Posted by Ron Miller on Dec 15, 2016 3:30:49 PM

I remember sitting in a session on cloud computing at the CeBIT technology conference in 2011, listening to skeptical questions, and wondering why the cloud was being treated like a separate kind of computing. Five years later, I think we've finally reached the point where cloud has been accepted as a mainstream, first line of computing.

Think about that for a moment, as recently as five years ago, people still  doubted cloud computing — and I was waiting for the day when it reached wider acceptance. As I wrote at the time:
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Topics: Cloud Trends

Agility remains a major cloud selling point

Posted by Ron Miller on Dec 7, 2016 4:37:11 PM

Last week at the AWS re:Invent conference during an almost 3-hour keynote address, CEO Andy Jassy made one key point about the cloud when he said, "the number one reason to move to the cloud is agility and speed."

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Topics: Cloud Trends

AWS set to flex its muscles at re:Invent conference

Posted by Ron Miller on Nov 29, 2016 1:31:32 PM

AWS is about to embark on its biggest user conference ever as it hosts the re:Invent conference this week in Las Vegas. What started just five years ago as an intimate gathering of 6,000 users, has grown to over 32,000 attendees. It illustrates the rapid growth of the Infrastructure as a Service behemoth.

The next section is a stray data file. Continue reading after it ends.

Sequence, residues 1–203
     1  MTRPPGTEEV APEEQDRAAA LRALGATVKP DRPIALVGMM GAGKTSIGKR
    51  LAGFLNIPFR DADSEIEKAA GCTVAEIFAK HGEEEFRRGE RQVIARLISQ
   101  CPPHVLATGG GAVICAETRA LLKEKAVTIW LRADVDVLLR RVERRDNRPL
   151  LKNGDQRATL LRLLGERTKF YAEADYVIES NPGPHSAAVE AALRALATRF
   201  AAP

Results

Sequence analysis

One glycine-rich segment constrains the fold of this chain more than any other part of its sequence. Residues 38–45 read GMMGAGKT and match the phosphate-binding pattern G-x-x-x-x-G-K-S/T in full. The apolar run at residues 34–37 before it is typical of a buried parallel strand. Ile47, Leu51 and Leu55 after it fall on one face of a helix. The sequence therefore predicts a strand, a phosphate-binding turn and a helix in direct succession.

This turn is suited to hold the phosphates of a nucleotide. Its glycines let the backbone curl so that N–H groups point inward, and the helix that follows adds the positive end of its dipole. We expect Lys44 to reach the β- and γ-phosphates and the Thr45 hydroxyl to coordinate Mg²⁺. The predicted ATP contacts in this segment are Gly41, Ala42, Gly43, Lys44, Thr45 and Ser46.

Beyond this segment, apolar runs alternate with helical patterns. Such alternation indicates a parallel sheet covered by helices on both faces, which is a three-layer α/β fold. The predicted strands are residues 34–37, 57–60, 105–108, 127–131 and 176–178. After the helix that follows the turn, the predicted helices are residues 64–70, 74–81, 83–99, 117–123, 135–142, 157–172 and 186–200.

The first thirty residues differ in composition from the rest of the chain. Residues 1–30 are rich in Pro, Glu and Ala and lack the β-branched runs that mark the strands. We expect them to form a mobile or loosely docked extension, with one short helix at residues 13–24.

In just a decade, AWS has transformed the way we think of computing, growing from a minor part of the Amazon empire to a business that is currently on an $11.5 billion run rate — and it's accelerating quickly. Companies like Google, Microsoft, IBM, and Oracle who came late to the IaaS game, are trailing badly, even as the market grows at a rapid rate.

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Topics: Cloud Trends

Alibaba continues Quixotic quest to take on AWS

Posted by Ron Miller on Nov 22, 2016 11:55:00 AM

Alibaba announced an ambitious plan to expand its worldwide data center presence today. The company wants to have local presence across Europe, Asia, the Middle East, and Australia. It hopes that having a more extensive worldwide presence can help it take on AWS, Microsoft, IBM, and Google (and even Oracle) in the cloud infrastructure game.

While it's a sensible move to try and expand its data center footprint, the reality is that Alibaba came very late to the cloud computing game. A decade into the Infrastructure as a Service market, there are clear market leaders. While the revenue pie is expanding, the idea that Alibaba can make a significant dent in the market outside of China is a longshot, at best. (Although it's worth noting the Chinese market itself could be by its sheer size significant.)

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Topics: Cloud Trends

Salesforce steamrolls toward $10 billion revenue goal

Posted by Ron Miller on Nov 18, 2016 1:24:39 PM

Salesforce reported its earnings on Thursday, and on almost every level, it has to be considered a success. The world's most successful SaaS vendor continued to march toward $10 billion in annual revenue, with CEO Marc Benioff boldly predicting in the earnings call, the company would reach that lofty height in the 2018 fiscal year (next year).

Before we look at the significance of an almost $10 billion SaaS vendor, let's look at the numbers. The company generated 2.14 billion in revenue for the 2017 third quarter. That's up from $1.71 billion for the same period last year.

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Topics: Cloud Trends